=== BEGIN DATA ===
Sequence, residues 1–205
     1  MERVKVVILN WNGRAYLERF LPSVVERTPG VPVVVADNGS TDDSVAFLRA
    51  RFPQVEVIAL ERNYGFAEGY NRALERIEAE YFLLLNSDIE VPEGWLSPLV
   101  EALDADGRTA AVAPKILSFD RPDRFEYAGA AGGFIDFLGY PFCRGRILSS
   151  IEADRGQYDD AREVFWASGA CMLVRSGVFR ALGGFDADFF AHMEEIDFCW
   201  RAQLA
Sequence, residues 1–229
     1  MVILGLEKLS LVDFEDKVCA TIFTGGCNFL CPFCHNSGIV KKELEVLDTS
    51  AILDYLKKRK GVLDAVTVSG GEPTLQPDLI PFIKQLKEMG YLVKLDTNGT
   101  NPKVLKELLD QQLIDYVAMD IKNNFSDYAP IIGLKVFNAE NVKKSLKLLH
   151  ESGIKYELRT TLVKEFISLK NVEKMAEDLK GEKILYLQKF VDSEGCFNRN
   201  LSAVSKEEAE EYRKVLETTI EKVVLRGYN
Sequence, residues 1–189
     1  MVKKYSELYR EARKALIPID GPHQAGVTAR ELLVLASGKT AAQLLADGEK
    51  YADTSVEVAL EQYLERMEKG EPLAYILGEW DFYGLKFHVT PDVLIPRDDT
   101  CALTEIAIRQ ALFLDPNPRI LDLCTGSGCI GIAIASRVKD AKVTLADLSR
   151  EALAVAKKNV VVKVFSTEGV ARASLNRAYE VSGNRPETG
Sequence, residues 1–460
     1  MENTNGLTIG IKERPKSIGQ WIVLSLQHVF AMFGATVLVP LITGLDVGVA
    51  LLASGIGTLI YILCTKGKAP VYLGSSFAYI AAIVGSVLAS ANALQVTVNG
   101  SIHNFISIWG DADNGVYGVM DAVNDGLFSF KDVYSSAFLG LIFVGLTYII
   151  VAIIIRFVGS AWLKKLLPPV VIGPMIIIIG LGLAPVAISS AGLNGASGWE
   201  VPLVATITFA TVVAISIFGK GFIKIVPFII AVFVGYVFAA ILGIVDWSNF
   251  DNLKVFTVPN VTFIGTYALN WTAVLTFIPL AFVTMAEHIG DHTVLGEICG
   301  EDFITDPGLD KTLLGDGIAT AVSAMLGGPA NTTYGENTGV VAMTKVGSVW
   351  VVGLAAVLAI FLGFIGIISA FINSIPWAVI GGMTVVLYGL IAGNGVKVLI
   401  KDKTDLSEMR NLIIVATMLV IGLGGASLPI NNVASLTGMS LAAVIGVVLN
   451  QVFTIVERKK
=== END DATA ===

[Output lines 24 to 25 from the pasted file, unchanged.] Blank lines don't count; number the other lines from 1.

   251  DNLKVFTVPN VTFIGTYALN WTAVLTFIPL AFVTMAEHIG DHTVLGEICG
   301  EDFITDPGLD KTLLGDGIAT AVSAMLGGPA NTTYGENTGV VAMTKVGSVW